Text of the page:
Newham’s mayoral candidates clash on police budgets cuts and academisation in live hustings debate

PUBLISHED: 10:00 19 April 2018 | UPDATED: 12:36 20 April 2018

Labour candidate Rokhsana Fiaz (left) and Conservative candidate Rahima Khan (right) debating Newham’s issues Picture: Archant

Labour candidate Rokhsana Fiaz (left) and Conservative candidate Rahima Khan (right) debating Newham’s issues Picture: Archant


Police presence and a lack of services were key sticking points in last night’s election hustings held by The Recorder.

Mayoral candidates Rokhsana Fiaz for Labour and Rahima Khan for the Conservatives fiercely debated academisation, affordable housing and the Silvertown tunnel during the Facebook Live session.

Daniel Oxley from the Democrats and Veterans Party gave an opening statement before refusing to participate in the rest of the session. Gareth Evans of the Liberal Democrats and Chishala Kumalinga of the Christian People’s Alliance were unable to attend.

Ms Fiaz and Ms Khan clashed on policing – the Conservative candidate blamed Sadiq Khan for reduced officer levels, and pledged to reopen police stations with 60 visible enforcement officers. But Ms Fiaz said it was the Tory government who slashed police budgets, and questioned where Ms Khan would get the money to enforce her pledges.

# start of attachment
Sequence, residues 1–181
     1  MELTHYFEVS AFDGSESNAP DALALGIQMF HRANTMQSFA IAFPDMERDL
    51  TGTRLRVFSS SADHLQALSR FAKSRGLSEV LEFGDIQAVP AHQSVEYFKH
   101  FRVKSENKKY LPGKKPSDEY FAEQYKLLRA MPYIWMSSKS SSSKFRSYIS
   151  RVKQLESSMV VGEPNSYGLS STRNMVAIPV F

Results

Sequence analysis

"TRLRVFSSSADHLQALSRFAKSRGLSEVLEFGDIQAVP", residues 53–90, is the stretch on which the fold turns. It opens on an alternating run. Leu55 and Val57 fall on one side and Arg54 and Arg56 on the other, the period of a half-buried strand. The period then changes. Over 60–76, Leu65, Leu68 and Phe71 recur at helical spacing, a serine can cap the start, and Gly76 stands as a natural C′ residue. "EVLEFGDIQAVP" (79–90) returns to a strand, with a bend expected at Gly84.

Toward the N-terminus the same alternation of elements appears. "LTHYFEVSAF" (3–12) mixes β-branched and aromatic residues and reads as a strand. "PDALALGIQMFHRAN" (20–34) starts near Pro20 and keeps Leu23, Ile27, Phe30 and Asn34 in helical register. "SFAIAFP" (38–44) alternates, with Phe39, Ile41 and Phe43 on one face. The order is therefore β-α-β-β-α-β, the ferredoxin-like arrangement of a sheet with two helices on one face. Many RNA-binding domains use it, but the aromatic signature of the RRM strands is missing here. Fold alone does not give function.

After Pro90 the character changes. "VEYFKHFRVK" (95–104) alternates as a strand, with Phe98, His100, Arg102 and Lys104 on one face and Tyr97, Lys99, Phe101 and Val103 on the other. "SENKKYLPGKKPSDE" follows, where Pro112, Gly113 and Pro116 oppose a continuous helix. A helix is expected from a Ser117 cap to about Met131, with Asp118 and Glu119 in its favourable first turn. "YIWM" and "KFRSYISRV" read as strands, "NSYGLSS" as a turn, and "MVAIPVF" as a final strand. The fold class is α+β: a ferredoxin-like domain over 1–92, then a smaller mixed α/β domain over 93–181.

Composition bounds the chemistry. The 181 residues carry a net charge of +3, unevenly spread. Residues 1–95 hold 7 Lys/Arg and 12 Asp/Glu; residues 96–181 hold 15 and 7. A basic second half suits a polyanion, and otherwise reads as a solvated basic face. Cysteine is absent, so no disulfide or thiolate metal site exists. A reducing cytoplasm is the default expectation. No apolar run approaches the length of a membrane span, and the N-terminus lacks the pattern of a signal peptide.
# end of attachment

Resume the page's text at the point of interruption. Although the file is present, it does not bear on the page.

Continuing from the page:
Both candidates both pledged to review the directly elected mayoral model of local council leadership by holding a referendum, and were also in agreement on opposing the Silvertown tunnel scheme.

But they came to loggerheads on academisation, with Ms Fiaz firmly opposing the academisation agenda as pushed by the Conservatives. Ms Khan pointed out that academisation was brought in under Labour, and said she was in favour of seeing a diverse range of schools in the borough, including academies, grammars and comprehensives.

The Labour candidate pledged to deliver 1,000 council-owned homes at social rent levels by the end of her first term to tackle the “raging housing crisis” faced by Newham, while Ms Khan said she would take a three-pronged approach to housing. She promised to introduce more family-sized, affordable homes, ensure families weren’t priced out by foreign investment, and commit to more community land trusts.

The two candidates disagreed over the lack of services in the borough, with the Ms Khan arguing insufficient schooling and amenities in areas like the Royal Docks was unacceptable. She said she’d monitor the population to ensure enough services were provided, while Ms Fiaz branded it “absurd” to suggest populations weren’t already being monitored.

In their closing statements, Ms Fiaz reiterated her pledge to put people at the heart of council decisions, while Ms Khan said she’d bring the council to a place where decision-making is part of the community, rather than something she does alone.

Elections will take place on May 3.

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